A question of trust
I have a spreadsheet on my computer at home with about 100 user names and passwords on it. I never have it to hand when I need it. Security experts tell me that I shouldn’t note them down, especially with all the viruses and Trojans on my computer. They also tell me that I shouldn’t use the same password for each service that I use. So usually I have three stabs at trying to remember my password before swearing loudly at the commuter (or politely explaining the problem to the person at the other end of the phone), giving up and doing something else.
I’m sure everyone has experienced the frustration of being asked a password they can’t remember. But the challenge for digital services is greater than just the creation of a usable yet secure authentication mechanism. The question is trust: why do you trust the person or computer at the other end of the digital channel.
It’s a complex question that has been around for x thousand years. We’ve just brought the problem to our immediate attention with the advent of remote services delivered over digital channels. The answer to the question is: we just do. We trust people because we want something and we want it enough to incur the risks that we perceive.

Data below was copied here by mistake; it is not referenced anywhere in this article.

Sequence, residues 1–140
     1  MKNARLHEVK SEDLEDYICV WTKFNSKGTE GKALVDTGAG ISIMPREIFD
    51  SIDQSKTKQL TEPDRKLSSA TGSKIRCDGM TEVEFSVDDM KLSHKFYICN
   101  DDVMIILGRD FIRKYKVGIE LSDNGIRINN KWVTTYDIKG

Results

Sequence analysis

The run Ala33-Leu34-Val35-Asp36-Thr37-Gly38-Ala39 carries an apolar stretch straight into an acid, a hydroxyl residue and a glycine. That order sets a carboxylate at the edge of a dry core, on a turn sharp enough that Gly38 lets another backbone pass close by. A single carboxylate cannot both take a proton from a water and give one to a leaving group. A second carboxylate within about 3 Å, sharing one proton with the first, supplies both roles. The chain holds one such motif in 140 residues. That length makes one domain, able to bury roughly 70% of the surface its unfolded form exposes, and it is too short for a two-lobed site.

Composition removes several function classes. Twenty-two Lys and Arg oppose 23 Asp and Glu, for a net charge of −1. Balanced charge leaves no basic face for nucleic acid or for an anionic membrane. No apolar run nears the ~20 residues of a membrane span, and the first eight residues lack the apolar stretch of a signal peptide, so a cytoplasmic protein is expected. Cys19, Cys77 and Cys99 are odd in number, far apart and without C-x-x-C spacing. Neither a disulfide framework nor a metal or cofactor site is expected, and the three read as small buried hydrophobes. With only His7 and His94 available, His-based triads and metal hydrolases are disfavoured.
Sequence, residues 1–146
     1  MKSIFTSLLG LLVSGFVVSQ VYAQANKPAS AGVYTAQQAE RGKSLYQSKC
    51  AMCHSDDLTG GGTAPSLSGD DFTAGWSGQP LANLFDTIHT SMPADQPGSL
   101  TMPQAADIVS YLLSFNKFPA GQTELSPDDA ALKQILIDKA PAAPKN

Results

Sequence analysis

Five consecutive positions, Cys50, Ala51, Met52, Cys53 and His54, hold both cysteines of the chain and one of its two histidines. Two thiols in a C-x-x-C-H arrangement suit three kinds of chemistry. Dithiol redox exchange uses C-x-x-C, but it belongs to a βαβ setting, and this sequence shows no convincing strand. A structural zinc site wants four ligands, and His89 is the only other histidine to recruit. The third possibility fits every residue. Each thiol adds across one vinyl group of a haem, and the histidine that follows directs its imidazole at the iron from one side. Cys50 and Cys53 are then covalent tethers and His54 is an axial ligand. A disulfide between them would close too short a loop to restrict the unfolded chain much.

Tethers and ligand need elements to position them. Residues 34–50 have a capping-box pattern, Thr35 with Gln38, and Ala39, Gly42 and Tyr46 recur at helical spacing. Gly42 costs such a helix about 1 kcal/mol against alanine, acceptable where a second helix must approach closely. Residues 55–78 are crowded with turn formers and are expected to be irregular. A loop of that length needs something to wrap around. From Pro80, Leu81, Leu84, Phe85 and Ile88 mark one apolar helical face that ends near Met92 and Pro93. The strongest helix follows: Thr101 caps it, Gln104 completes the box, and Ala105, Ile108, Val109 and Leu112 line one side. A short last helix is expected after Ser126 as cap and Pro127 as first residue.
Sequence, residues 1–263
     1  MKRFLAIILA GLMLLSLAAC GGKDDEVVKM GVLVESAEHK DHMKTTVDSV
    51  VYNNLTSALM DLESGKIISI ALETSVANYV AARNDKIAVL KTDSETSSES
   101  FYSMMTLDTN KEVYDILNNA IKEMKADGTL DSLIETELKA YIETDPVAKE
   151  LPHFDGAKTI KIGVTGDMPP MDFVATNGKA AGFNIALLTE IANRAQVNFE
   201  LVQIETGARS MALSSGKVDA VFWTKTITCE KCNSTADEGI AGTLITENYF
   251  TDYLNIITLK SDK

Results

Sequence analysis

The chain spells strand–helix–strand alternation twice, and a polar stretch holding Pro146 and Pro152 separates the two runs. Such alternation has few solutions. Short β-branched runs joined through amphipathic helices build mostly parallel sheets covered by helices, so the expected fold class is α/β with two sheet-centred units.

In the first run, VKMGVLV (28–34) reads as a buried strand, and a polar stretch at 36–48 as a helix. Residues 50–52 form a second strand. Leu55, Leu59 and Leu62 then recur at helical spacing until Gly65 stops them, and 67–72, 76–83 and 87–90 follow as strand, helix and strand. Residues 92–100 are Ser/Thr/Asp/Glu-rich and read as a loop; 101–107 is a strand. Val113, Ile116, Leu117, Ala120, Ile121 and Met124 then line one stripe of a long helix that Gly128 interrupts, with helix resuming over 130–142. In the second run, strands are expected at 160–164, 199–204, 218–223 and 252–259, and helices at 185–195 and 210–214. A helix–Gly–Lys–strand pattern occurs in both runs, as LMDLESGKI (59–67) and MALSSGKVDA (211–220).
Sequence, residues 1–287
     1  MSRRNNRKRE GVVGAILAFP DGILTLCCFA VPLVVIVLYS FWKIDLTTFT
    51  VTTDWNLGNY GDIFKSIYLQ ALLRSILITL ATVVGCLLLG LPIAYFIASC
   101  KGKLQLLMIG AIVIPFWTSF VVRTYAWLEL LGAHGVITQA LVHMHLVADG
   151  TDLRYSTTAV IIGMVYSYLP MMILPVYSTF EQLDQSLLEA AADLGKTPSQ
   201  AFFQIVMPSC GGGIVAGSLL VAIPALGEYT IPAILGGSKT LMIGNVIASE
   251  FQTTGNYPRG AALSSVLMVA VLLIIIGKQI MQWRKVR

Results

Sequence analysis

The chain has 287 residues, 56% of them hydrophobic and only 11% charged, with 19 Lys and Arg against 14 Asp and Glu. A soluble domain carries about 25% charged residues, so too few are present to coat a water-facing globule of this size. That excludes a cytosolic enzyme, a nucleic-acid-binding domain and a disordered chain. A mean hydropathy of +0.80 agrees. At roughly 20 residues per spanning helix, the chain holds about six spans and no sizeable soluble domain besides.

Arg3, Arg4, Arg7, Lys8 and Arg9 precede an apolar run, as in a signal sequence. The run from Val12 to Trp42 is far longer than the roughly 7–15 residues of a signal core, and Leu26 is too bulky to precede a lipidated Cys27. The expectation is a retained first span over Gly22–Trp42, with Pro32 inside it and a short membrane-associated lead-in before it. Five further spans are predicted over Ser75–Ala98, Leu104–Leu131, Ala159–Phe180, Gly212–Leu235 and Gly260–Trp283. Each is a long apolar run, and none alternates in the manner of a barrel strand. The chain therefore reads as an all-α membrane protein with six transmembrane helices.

A psychologist told me that we are genetically programmed not to trust anyone or anything 100%. We take everything with a ‘pinch of salt’. We make a ‘value judgement’.
I asked my daughter who she trusts most. “You Daddy.” Thankfully, she hasn’t looked at her chocolate jar recently. Her mother, meanwhile, is always borrowing from her piggy bank. She’s 7 – she’d be more worried about getting the chocolate back. Knowing who someone is only helps us so much.
Identity is part of the way in which we establish trust. It’s necessary for many transactions but not sufficient. It helps us establish facts about the person that we need to make the judgement call. It means we don’t have to start every transaction from scratch: we recognise the person at the other end.
We need better ways of establishing trust relationships in the digital era. We need better security than long lists of user names and favourite films. Our aim is to collectively address these problems through the GDS Identity Assurance Programme. We’ll use this blog to explain the problems we have and communicate how we’re getting on with addressing them.